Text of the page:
Q. On Rosh HaShanah do we pray for Christians and Muslims as well as ourselves?
The prayer book says, “Our God and God of our fathers, reign in Your glory over the whole universe,” which covers the whole of Creation and all the peoples of the world.
In relation to the three Abrahamic faiths, Rabbi Chama bar Chanina says in the Midrash, “Abraham communed with himself and said, ‘If I bless Isaac, then the children of Ishmael and K’turah, who are also my children, will be included in the blessing. If I do not bless the children of Ishmael and K’turah, how can I bless Isaac? I will pray for all my children and the outcome will rest with God, who will do His will in His world'” (Gen. R. 61:6).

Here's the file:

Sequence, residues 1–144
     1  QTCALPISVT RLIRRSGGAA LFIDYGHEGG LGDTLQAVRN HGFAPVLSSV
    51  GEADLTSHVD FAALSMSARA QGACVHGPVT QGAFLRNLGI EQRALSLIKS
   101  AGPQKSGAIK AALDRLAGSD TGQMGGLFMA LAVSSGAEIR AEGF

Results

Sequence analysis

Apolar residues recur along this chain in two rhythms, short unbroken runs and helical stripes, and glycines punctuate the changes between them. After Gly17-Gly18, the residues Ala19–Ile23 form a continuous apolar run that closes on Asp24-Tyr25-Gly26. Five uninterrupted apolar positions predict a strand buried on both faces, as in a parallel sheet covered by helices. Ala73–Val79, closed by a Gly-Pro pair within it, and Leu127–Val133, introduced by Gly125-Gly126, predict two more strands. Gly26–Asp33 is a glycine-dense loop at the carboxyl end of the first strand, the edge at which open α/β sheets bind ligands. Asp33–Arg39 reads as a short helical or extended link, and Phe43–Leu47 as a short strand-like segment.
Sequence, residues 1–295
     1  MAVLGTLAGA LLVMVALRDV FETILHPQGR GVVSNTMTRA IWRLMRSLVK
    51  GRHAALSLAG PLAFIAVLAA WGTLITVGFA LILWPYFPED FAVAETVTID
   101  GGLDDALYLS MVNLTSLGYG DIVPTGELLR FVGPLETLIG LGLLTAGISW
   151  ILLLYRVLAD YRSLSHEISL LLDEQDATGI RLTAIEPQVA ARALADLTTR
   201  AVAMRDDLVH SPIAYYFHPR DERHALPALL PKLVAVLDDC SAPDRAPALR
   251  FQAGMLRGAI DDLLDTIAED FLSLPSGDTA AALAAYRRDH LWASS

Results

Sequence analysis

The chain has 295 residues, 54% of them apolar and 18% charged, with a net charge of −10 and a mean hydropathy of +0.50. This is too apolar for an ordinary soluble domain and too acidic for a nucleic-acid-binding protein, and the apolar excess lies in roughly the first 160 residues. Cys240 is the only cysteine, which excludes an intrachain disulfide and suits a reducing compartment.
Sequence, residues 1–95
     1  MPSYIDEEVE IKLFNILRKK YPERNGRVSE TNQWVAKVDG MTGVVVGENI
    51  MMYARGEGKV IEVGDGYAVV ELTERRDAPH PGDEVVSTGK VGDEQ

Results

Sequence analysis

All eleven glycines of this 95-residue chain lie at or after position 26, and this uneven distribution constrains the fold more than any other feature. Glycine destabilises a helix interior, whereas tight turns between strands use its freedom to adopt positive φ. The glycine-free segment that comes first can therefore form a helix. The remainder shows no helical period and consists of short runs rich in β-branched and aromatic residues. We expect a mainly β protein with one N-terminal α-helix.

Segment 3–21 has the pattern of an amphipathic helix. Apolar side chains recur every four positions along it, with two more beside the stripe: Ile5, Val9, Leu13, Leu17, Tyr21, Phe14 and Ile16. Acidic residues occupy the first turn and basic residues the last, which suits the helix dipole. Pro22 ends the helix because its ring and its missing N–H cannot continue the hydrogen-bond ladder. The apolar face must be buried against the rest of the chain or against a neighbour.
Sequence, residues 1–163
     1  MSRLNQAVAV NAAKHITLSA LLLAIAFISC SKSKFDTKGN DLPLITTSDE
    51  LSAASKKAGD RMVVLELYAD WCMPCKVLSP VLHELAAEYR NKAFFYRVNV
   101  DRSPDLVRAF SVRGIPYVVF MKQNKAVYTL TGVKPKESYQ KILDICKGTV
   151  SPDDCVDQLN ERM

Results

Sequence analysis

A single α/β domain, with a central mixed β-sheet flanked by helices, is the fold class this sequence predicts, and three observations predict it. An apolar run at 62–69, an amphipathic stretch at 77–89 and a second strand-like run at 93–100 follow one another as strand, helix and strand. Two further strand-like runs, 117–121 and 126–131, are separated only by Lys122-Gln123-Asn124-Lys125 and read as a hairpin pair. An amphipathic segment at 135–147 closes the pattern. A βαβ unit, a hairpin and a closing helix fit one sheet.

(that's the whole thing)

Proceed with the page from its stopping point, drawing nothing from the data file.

What about the non-Abrahamists, who do not accept monotheistic principles?
The prayer book again has an answer: “We hope in You O Lord our God… May they all accept the yoke of Your kingdom”.
This passage, which today concludes every service we have, not only enshrines a messianic but a universalistic vision.